The dramatic anti-Semitic images from the Charlottesville white supremacist rally took over Saturday’s headlines in Israel, but prompted only minimal reactions from Israeli politicians. The only official government response came from Naftali Bennett (yes, him again), who condemned the rally and called on US leadership to clearly denounce the anti-Semitic nature of the protests. “The unhindered waving of Nazi flags and symbols in the US is not only offensive towards the Jewish community and other minorities, it also disrespects the millions of American soldiers who sacrificed their lives in order to protect the US and entire world from the Nazis,” Bennett said in a statement last night. Before Bennett, some members of the opposition also reacted, focusing on the inexplicit reaction from President Trump who placed the blame on both sides. Tzipi Livni tweeted that “hate kills and leadership must take a stand. There is no room for neo Nazi flags and KKK hoods in the free world.” Meretz MK Esawi Freij said that “President Trump’s weak condemnation only strengthened the racists feeling that they are not alone, that there is a man in the White House who does not disavow them.” The Prime Minister, however, chose not to address the hateful display of anti-Semitism yesterday at all at the opening of the weekly cabinet meeting, but he did respond to other news coming from the US – the arrival of the senior White House delegation lead by Jared Kushner later this month. “We will welcome them warmly,” Netanyahu said.
Iran again: While the media and the public are engaged in Bibi’s legal affairs, the strategic and security apparatus is preoccupied with the growing Iranian threat and the Israeli discontent with the South Syria ceasefire agreement. Iran topped the briefing that the Cabinet heard yesterday from the Mossad Chief Yossi Cohen. Cohen told ministers that the “the regional situation is changing against us.” Cohen said Israel identifies a massive expansion of Tehran’s influence in Syria, Lebanon, Iraq and Yemen, which is boosted by proxies like Hezbollah and other Shiite forces from around the world who are “flocking to the region” and filling in the post-ISIS void. During the briefing, the PM said that Cohen’s observations are “clear cut proof that the Iran deal’s basic assumptions were totally wrong.” Later on yesterday, Netanyahu also addressed the issue publicly. “ISIS is out – Iran is in. It’s very simple. We strongly oppose Iran and its proxies military strengthening, and first and foremost – Hezbollah in Syria. We will do anything it takes to keep Israel safe.”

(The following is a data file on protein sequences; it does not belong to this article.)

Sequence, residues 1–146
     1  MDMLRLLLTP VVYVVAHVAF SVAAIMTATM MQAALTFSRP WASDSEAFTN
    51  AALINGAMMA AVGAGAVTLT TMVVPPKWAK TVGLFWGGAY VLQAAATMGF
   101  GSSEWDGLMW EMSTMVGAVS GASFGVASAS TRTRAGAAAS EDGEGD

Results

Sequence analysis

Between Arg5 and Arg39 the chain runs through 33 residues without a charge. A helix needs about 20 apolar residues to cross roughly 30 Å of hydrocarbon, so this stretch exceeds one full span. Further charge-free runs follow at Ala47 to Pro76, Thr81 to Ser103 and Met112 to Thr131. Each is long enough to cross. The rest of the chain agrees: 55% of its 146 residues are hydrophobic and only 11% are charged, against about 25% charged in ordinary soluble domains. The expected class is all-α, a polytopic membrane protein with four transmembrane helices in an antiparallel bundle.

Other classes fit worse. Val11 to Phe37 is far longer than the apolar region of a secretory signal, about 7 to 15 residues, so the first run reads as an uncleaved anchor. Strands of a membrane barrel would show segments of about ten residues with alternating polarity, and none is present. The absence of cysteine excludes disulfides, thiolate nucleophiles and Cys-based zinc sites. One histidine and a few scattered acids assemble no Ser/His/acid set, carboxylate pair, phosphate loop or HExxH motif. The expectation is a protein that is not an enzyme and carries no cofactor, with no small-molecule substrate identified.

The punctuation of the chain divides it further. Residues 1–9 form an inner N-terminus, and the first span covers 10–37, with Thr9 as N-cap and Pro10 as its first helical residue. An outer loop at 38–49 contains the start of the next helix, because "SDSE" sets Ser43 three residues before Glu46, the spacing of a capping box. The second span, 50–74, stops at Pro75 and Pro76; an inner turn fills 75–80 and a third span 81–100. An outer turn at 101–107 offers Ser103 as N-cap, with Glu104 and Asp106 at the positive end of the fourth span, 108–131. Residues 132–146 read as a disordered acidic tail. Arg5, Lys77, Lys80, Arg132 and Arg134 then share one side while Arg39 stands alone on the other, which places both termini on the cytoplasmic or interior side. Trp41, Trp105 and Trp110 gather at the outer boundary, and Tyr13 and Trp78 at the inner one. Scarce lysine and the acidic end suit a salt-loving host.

As Haaretz reported last week, senior Israeli officials held secret talks with the US and Russia before the cease-fire deal, and presented Jerusalem’s reservations. Two senior Israeli officials told Kafe Knesset that there are ongoing efforts to convey Jerusalem’s concern with the permanent Iranian presence the agreement establishes. “It is the biggest challenge we are dealing with these days, and we are trying to create as much pressure as we can, though we are doubtful that our goals are being considered by the US,” one of them said. Another senior source told Kafe Knesset that “it appears that quiet diplomacy efforts are failing on this matter, no one is taking our concerns into account.”
Jewish Home’s Naftali Bennett decided that quiet diplomacy is not enough. Bennett launched a Hasbara campaign last week in an attempt to rally US public opinion to Israel’s positions. First, he published a WSJ op-ed in which he warned of Iran’s intentions to use the Syrian post-war arrangements to expand to the Mediterranean. On Thursday evening, Bennett posted an English-speaking Facebook video in which he urged “to get together and stop Iran before it’s too late.” According to Bennett, “While we fight ISIS, the real danger is growing. Right now, Iran is building a Shiite corridor from Tehran to the Mediterranean coast. This corridor is an Iranian dream. It is a highway to transfer weapons. It is a highway to transfer extremism. It will bring Iranian aircraft to striking range of Europe. It will bring Iranian ships and submarines to the Mediterranean.”
Consolidating power: Speaking of the Iranian threat, let us take you back in time, to the days when Ehud Barak was Defense Minister. At that time the biggest question on the agenda was whether Israel will bomb Iran or not. Reportedly, Netanyahu and Barak wanted the security establishment to prepare to take the plunge, but then-IDF chief of staff Gabi Ashkenazi and Mossad chief Meir Dagan refused, citing the law that says the full cabinet has to approve declarations of war or long-term military operations, not just the security cabinet. Now, Netanyahu wants to change the situation, according to Channel 2, and amend the law so that the smaller security cabinet can authorize going to war In practice, this is pretty much what happens anyway, but now Netanyahu can avoid opponents using legal technicalities to block him. Barak, who is usually Netanyahu’s biggest critic, tweeted that it is about time and that the dramatic reports are much ado about nothing.
Office hours: As things are calming down on the Temple Mount, Likud MK Yehudah Glick decided to put Jewish prayer rights on the Temple site back on the agenda. Glick opened his extra parliamentary office today at the Lions’ Gate in Jerusalem’s Old City. The new office is in part a protest against Bibi’s policy to prohibit politicians from visiting the Temple Mount. This is a policy that several Arab MKs have managed to defy simply by not being that well-known. Glick, however, doesn’t have that option. Not only is he a redhead, he was a prominent activist for Jewish rights on the Temple Mount before entering the Knesset,. Glick survived an assassination attempt by a Palestinian who called him an “enemy of Al-Aksa,” the mosque on the Mount.